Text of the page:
Section 1.2 of the CSharp Language Specification document for C# 5.0 (which is associated with .NET 4.5) covers the basics of Programs, Namespaces, Types, Members, and Assemblies and how we can use them to decompose our problems into consumable cognitive chunks. By decomposing a large problem into a series of smaller ones using the tooling available in C#, we are able to write more readable code. In our initial Hello World program, we included functionality from the System namespace (though I didn't call out explicitly that this is what we were doing) to get the Console.WriteLine() function. With this example we are building a library and then using that library to perform some actions. The library is in its own namespace, which we include while compiling the source code which links it into the executable. For this one we aren't going to explore compilers or languages, instead we will explore tools. I compiled both source files within the same project in Visual Studio to produce a single executable. I have reverse engineered the code using both JustDecompile from Telerik:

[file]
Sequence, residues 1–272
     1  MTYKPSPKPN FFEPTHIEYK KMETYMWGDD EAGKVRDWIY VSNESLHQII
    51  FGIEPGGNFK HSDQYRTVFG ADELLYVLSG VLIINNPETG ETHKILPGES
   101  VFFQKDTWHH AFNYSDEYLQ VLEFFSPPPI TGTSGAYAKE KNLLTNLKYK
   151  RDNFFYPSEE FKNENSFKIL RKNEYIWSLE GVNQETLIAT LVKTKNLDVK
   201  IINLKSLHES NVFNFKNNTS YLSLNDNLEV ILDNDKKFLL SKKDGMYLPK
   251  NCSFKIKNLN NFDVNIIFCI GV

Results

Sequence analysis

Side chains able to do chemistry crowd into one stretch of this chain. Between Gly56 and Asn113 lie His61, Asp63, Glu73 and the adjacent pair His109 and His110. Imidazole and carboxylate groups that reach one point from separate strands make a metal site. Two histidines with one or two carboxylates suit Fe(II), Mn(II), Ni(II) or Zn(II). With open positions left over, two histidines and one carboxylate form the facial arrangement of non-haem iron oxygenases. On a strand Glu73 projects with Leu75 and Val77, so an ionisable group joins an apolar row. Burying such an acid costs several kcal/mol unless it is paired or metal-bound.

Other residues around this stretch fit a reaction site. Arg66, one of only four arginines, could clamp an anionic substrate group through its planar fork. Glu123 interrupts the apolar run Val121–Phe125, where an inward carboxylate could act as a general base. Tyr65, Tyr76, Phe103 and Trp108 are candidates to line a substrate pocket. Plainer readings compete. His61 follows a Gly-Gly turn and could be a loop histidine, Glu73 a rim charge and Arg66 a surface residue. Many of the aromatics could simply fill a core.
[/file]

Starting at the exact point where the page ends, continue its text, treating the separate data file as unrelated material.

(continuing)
and ILDasm from Microsoft:
They both show similar tree structures which display the encapsulation of the functionality. Notice how the Stack object originates from a different namespace than the Test object. This structure allows us to build up functionality libraries, test them in isolation, and include them within larger works.